So, 1995 this opened at the Vineyard. It's in two acts. The first act has 8 scenes and the second is two scenes. In the first we meet Sebastian, estranged from his mother and twin sister, he's disconnected from himself, from his feelings, from others. Through the play he tries to connect with a convicted murderer, through letters and a hustler that he feeds - and re-connect with himself by shedding his therapist. At the end of the first act, a violent attack, brings his mother to him, back from the dead, to describe the truth of his father. In the second act Sebastian has been taken in by his twin sister and her husband, who has quit dentistry to take up painting - only with white paint. His sister, Bernadette, calls his fired therapist for help (throughout she has been punishing herself for her failures, forcing penance - not washing, stabbing herself, gouging out her eyes) the therapist agrees to help and stays - discovering a resemblance between Bernadette's husband and her own, dead one. Sebastian only speaks to the baby.

To untwine this wicked stew of past crimes, inherited pain, guilt, failure and grief, Silver lets each character find his or her unique redemption. And the redemption often lives in letting go, setting another free, and finding an honest way to grieve those loved and lost.

The pace is fast, in the first act scenes tumble one on top of the other creating a pile that suffocates the main character. In the second he struggles to get out. In writing about it, I'm focused on Sebastian - it is his play - however it's not in a lead kind of a way. Each of the other characters have their own stories and arcs - but these each relate - not story-wise, but thematically, to the pile that Sebastian's trying to crawl out from under.

and any play that can reach the end with "I miss everyone." as a line well earned is one that I like a lot.

Sunday, January 17, 2010

Oh Dad, Poor Dad, Mamma's Hung You In The Closet And I'm Feelin' So Sad - Arthur L. Kopit

1959. Harvard. Undergrad Arthur Kopit writes the play that will launch his career, and defines a generational response to the horrors the world has faced. Well, maybe not the last statement, although the glowing introduction in my copy may have you believe this.

Written in 3 long scenes. Oh Dad, Poor Dad... introduces Madame Rosepettle and her son Jonathan Rosepettle. Madam travels the world, having adventures, with her husbands taxidermied body and her submissive son in tow. Jonathan, called constantly by his father's three names instead of his own, is confined to his rooms in various hotels and busied with his coin, stamp and book collections - terrified of his mother he dares not cross her.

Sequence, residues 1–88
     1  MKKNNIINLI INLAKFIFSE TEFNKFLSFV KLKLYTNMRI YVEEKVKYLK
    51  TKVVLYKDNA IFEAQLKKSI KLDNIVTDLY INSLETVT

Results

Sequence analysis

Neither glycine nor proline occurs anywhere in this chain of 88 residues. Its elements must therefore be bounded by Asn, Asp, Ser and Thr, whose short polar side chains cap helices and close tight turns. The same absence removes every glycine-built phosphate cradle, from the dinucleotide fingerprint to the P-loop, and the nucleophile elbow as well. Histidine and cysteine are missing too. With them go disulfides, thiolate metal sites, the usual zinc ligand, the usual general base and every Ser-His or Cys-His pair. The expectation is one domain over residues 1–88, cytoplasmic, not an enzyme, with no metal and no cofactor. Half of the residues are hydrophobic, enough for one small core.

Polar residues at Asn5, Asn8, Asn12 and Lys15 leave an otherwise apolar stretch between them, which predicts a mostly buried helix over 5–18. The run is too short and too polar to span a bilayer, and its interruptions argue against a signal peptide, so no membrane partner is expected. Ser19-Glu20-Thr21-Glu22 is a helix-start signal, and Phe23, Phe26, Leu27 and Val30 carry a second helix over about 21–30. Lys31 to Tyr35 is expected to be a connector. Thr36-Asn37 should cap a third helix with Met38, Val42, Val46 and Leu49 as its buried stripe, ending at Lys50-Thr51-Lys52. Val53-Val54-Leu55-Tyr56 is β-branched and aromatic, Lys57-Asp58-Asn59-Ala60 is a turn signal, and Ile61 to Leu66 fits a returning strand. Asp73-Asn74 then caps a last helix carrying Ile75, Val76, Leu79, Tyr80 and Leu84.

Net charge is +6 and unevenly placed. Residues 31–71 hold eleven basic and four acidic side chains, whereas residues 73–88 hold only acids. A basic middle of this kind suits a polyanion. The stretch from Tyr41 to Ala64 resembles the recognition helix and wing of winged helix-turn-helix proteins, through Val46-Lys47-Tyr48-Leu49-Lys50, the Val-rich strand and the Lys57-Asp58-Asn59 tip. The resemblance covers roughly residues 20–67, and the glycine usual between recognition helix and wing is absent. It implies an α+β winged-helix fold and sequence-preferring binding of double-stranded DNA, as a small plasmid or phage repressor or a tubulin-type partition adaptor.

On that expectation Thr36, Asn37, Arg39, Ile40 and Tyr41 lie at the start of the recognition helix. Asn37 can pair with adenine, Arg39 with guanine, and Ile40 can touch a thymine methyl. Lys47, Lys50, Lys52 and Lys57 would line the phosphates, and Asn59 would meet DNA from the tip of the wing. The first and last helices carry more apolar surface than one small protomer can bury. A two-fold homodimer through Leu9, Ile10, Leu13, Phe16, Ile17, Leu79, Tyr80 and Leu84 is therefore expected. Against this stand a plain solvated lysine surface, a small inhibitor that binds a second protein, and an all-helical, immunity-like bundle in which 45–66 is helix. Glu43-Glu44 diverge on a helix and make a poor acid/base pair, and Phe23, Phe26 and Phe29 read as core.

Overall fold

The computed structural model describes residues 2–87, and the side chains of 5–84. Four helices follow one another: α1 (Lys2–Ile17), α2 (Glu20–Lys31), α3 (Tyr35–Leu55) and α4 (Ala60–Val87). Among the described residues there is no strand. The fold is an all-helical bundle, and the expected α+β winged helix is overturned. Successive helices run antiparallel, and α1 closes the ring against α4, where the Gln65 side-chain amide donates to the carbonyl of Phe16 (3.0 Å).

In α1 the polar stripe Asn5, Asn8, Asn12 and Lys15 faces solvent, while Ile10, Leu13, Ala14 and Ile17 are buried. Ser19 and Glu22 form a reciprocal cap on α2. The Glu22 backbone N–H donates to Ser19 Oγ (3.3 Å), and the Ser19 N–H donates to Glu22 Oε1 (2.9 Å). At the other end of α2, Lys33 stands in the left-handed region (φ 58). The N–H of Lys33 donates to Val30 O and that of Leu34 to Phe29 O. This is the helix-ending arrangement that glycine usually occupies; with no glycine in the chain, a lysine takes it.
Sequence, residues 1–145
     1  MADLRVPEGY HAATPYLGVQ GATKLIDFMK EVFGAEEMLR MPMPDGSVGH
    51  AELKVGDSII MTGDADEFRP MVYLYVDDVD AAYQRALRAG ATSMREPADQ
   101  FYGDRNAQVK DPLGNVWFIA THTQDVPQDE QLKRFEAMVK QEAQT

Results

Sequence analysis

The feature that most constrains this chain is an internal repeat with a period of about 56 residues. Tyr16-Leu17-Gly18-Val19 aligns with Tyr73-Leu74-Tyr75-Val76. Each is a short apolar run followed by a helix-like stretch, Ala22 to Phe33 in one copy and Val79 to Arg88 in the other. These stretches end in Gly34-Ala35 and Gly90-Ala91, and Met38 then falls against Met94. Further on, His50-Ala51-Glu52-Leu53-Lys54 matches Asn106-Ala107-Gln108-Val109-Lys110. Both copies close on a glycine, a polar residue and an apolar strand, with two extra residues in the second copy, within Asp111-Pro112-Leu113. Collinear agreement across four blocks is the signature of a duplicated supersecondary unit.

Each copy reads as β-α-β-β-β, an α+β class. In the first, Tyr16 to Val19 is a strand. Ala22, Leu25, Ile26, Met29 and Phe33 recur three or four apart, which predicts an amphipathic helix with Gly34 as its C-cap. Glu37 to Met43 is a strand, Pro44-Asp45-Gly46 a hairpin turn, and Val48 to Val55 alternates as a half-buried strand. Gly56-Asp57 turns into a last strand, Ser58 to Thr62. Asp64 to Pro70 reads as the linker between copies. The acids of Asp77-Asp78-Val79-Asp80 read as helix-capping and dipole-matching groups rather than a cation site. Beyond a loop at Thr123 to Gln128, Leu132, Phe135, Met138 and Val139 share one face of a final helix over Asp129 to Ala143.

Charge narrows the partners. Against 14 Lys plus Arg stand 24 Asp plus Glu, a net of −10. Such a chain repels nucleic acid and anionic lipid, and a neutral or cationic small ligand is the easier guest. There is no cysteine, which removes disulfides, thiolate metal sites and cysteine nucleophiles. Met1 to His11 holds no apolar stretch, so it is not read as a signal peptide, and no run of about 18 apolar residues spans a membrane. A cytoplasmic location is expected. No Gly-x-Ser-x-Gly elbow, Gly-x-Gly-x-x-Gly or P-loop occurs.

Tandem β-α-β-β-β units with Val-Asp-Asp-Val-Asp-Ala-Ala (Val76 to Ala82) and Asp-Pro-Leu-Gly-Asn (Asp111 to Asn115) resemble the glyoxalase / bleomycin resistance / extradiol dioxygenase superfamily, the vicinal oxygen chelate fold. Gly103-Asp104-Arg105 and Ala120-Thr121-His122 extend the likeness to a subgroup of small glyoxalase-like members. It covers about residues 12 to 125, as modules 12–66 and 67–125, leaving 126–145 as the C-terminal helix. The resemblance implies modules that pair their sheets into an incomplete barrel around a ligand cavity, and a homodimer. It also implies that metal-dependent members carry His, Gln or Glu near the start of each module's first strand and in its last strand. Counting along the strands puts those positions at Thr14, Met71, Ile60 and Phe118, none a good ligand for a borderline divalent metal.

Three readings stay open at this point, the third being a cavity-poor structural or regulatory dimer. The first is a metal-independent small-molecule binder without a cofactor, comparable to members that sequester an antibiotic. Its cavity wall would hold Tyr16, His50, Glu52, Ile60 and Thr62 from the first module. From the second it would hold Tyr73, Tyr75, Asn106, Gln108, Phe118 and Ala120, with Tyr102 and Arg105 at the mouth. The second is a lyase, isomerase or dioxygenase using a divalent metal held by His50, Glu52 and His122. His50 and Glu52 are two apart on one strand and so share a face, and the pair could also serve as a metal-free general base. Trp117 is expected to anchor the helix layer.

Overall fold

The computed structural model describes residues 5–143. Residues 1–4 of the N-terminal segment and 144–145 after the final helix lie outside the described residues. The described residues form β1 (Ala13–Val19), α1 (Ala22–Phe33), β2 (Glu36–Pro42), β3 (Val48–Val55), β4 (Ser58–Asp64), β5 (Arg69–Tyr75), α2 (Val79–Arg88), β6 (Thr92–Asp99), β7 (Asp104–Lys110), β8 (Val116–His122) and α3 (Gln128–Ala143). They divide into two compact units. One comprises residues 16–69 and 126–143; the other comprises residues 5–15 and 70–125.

When his eye is caught by Rosalie, who he watches with his telescope that he made from glass and tubing in order to get a better view of an airplane passing overhead, his mother breaks from tradition and invites her up in order to show her son what a lame slut she is. This doesn't happen, Rosalie connives to make a key and return to rescue the young man and make him her husband.

She has a chance, because earlier Jonathan has listened to his mother tell the story of his father and her plans to keep him sheltered forever. But - the seduction is too much for Jonathan, the corpse of his father falls out of the closet and...horrors ensue.

As Madam cries when faced by the horrendous scene, ending the play, "What is the meaning of this?"

There's a clear voice here, a slap-dash comedic style dancing across the page - easily imagined on stage - set-pieces ( a chorus of bell-boys attending to Madam's every whim, her stuttering son following her with a pad and pencil - a seduction by a girl dressed in crinolines and red-cheeks). A world in a Havana Hotel room, overlooking the bay, with a silver, siamese cat eating, pirahna and two Venus Fly-Traps (to add to the list of terrifying females of the play...), a boys world - a fun place to visit, perhaps, but also a world that's going to turn on any one of us without a dick.